A topic of discussion that sometimes arises in the Army – especially among younger troops – is that of why you signed up in the first place. As grizzled old SGT Delobius, with the big fat 1st Cav patch on my right shoulder, I was asked this question by a private (a real private in the Signal Corps! a rare sight indeed). I gave him the same answer that I’ve given since before I joined: extra money, something different and interesting to do, get myself in shape, serve the nation. Upon further reflection, however, I realized that while those were my reasons for joining, they were different from my reasons for staying.
After returning from Iraq, we were festooned with decorations, medals, coins, and other hardware. Some was official Army stuff (AAM, GWOT-E, Army Reserve Medal with M device…), while some was in various ways unofficial (commander’s coins and the like). Most of those items, though, don’t see the light of day (save perhaps the ribbons on our rarely-worn dress uniforms). The only piece of that hardware that is consistently on display in the homes of the half-dozen or so friends that I’ve since visited is the American flag, folded in a triangle in a wooden display box. I don’t know if this pattern is repeated throughout the veterans of B company or the Army in general, but I suspect it might be.
That fact is interesting to me because at least among the members of the Signal Battalion, patriotism or service to country wasn’t a major topic of discussion. Our nights in Iraq weren’t filled with tearful exhortations about our great nation and its role in the world – it was mostly bitching about one thing or another. And yet the consistent, simple display of the American flag is a symbol of that unspoken bond, that shared pride, something that was rarely (if ever) discussed but apparently universally understood.
There’s another common thread that unites us as soldiers, one that’s harder to elucidate; it’s the sense of purpose and duty that one has by serving. Not in a stricly patriotic sense as discussed above, but rather in a more existential way. There’s a certain mindset that’s attracted to the military, one that craves decisiveness, order, and a “grand plan.” It’s a mindset that finds belonging to Big Green not dehumanizing, but somehow comforting in its structure and order. (Off the wall question: are military personnel disproportionately fans of tactical RPGs like Disgaea and Final Fantasy Tactics because of their emphasis on endlessly organizing and codifying things?)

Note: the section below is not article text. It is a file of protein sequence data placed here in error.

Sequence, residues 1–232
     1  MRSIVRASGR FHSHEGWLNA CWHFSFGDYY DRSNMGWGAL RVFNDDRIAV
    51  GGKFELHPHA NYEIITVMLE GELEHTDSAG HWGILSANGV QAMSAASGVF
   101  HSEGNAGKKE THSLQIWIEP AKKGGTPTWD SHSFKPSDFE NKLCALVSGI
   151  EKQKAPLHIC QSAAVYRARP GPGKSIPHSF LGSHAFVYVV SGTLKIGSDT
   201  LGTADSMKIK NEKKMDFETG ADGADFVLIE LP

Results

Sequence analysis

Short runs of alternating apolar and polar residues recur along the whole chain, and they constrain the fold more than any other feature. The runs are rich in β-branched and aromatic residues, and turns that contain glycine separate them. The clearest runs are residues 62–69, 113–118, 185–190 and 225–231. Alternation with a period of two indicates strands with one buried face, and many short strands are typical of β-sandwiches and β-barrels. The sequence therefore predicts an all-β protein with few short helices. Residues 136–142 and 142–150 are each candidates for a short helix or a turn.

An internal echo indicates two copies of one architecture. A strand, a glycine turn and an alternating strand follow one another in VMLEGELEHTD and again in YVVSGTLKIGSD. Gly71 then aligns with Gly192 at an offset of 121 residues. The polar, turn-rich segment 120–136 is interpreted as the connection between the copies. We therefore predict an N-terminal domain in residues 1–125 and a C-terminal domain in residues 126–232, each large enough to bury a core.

Speaking of RPGs, it’s still amazing to me how many dorks there are in the Army – it seems like you can’t have a single squad without at least one guy who plays Dungeons & Dragons, or is an otaku, or plays Magic: The Gathering, or engages in some other equally geeky activity. Equally strange is how many people you meet who are socially inept; every company has at least one of “those guys.” (The concept is hard to explain, but those of you who know, know.)
My last two paragraphs don’t seem particularly related, but there’s a connection in there somewhere. One reason for joining the military is for the sense of belonging and camaraderie; it’s an environment where, paradoxically, everyone is equal, with the same haircuts, same clothes, same background of training. So perhaps it’s not unusual for so many dorks and geeks and weirdos to sign up – no one knows how weird you really are until you open your mouth, or until they find your midget-porn collection under your bunk.
If my thoughts seem unfocused, it’s because they are – it’s a topic that’s been on my mind of late, with the publishing of the book, my new job (working full-time for the Guard), and talking to JoKur and The Pontiff (both of whom are somewhat regretting leaving the Army). The Pontiff seems particularly disturbed by the lack of purpose in his life after leaving the military, and it’s discussions with him that largely prompted this post. JoKur’s regrets, on the other hand, are largely social and financial in nature. I’m also looking ahead at my career – it’s quite likely that I could be Staff Sergeant Delobius by the end of my first term of enlistment. Hilarious! And then what? For that, I have no answer – so I guess I’ll find out when I get there.